Exploring Virgin Islands

Park Travel Advisory
When you visit Virgin Islands National Park and St. John, be aware of these local customs and park regulations and safety tips (see below). • When walking in town, both men and women should wear a T-shirt or other coverup. • Private property exists within the park boundary. Please respect land owners' rights; do not trespass. • All driving is on the leftside of the road throughout the Virgin Islands. Mountain roads are narrow and winding; drive carefully and observe speed limits. • Practice safe boating. Watch for unmarked reefs, other boats, and swimmers. Divers and snorkelers must fly a diver's flag if outside boat exclusion areas; stay 100 feet away. • You must have a passport to visit the British Virgin Islands or other Caribbean islands. • An island courtesy includes greeting others with a cheerful "Good-day."

US Virgin Islands

American Tropical Treasures

The three main US Virgin Islands offer tropical pleasures. St. John, with Virgin Islands National Park and Virgin Islands Coral Reef National Monument, is least developed. Next door is the tourist mecca of St. Thomas, with its cruise ship harbor of Charlotte Amalie. St. Croix has quaint towns and pastoral landscapes.

Island Hopping Ferries run between Cruz Bay, St. John, St. Thomas, and the British Virgin Islands. Red Hook ferry runs hourly from 6 am (departing St. John) to midnight (departing Red Hook); Charlotte Amalie ferry runs less often. Water taxis are available. Flights connect St. Thomas and St. Croix.

Services and Accommodations Taxis and safari buses operate on St. Thomas and St. John. You can find land, sea, air, and underwater tours and rent boats and snorkeling and scuba gear. Major services are available. Lodging ranges from campgrounds to luxury hotels; reserve ahead. Peak season is December through April. For more information contact the Virgin Islands Department of Tourism,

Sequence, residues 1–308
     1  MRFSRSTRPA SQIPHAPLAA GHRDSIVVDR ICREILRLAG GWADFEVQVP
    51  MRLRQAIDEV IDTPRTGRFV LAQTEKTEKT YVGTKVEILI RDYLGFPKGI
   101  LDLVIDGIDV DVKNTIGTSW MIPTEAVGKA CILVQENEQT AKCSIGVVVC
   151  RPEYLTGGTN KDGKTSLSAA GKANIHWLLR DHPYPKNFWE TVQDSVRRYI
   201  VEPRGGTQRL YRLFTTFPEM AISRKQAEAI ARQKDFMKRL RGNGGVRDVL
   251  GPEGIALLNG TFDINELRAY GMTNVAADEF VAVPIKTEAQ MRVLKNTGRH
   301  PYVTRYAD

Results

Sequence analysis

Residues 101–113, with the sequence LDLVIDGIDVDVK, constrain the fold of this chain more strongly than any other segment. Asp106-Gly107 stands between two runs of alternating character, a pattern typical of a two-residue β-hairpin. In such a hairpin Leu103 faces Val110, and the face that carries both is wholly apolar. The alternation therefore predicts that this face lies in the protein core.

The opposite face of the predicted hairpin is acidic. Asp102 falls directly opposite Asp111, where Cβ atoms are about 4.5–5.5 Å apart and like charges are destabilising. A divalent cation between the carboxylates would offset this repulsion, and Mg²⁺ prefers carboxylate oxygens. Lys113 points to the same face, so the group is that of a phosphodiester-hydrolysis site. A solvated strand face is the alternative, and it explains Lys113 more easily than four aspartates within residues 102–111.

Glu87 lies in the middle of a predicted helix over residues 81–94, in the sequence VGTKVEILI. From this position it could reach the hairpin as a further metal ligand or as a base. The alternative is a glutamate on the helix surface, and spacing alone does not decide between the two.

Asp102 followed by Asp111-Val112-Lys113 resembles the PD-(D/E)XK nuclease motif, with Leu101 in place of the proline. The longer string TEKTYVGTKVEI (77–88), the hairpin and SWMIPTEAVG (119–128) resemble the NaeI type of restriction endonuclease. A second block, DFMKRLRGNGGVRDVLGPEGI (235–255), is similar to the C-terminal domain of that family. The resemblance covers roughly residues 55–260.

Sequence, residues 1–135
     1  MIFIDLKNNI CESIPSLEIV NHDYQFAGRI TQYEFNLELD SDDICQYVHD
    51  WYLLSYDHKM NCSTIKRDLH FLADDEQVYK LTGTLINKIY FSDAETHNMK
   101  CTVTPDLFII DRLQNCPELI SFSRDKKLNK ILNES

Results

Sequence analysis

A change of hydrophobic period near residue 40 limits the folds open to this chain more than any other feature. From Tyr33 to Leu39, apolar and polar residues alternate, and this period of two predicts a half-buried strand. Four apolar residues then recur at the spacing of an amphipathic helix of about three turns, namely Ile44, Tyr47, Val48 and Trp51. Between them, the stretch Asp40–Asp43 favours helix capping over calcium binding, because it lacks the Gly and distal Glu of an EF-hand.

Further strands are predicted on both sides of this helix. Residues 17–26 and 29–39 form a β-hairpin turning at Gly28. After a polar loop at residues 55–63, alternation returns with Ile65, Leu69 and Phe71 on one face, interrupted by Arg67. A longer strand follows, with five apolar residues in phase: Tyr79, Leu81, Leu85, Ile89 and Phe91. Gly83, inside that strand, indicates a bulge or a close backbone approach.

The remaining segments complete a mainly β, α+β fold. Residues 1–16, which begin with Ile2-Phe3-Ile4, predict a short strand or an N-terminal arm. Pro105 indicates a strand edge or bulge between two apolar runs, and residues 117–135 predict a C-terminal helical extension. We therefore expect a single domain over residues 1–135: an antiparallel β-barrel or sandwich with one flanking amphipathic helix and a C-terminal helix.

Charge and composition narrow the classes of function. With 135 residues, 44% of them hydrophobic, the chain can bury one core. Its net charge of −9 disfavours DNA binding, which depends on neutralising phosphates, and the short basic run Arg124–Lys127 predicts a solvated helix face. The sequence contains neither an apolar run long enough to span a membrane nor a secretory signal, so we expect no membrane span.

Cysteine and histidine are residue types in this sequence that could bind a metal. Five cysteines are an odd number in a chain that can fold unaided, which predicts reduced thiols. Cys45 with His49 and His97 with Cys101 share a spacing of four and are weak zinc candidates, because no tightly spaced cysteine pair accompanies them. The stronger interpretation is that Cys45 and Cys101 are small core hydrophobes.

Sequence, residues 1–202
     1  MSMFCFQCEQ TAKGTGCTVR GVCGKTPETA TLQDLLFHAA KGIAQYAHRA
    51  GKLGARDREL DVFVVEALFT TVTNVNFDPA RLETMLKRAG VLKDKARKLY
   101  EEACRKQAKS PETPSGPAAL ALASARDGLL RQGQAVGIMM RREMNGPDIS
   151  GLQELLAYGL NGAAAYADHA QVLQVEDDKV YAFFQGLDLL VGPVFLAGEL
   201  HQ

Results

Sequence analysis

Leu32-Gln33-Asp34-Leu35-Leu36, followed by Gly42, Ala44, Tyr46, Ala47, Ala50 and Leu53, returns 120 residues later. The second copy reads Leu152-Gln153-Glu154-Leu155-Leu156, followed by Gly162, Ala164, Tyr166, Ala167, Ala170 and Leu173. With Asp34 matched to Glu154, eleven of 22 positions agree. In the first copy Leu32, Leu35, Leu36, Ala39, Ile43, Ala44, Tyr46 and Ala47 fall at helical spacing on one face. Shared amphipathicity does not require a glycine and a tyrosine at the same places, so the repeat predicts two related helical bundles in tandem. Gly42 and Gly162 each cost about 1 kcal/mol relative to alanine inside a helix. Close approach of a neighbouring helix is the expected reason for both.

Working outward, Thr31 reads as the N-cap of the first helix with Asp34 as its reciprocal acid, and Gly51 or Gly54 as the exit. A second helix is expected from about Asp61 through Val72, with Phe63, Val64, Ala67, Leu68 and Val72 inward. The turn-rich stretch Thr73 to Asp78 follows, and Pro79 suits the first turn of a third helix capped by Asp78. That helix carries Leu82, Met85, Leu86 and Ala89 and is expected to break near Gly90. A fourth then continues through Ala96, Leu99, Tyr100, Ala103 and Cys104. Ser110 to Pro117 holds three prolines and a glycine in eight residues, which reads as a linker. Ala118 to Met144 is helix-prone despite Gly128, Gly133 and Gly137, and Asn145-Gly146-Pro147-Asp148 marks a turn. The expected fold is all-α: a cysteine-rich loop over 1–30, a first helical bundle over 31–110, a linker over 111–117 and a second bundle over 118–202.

National Parks on St. Croix Christiansted National Historic Site preserves the architecture of Christiansted from the 1700s and 1800s when these islands were a Danish colony. Daytrips to the island and coral reefs of Buck Island Reef National Monument can include snorkeling, glass-bottom boat tours, and hiking. Salt River Bay National Historical Park and Ecological Preserve is the only site under the US flag where Columbus's crew made landfall. For more information contact Christiansted National Historic Site,

Virgin Islands National Park and St. John

Over half of St. John is national parkland; the rest is small towns, shops, homes, and territorial or private lands. The national park and Virgin Islands Coral Reef National Monument protect offshore waters.

Touring the Park

park map
(click for larger map)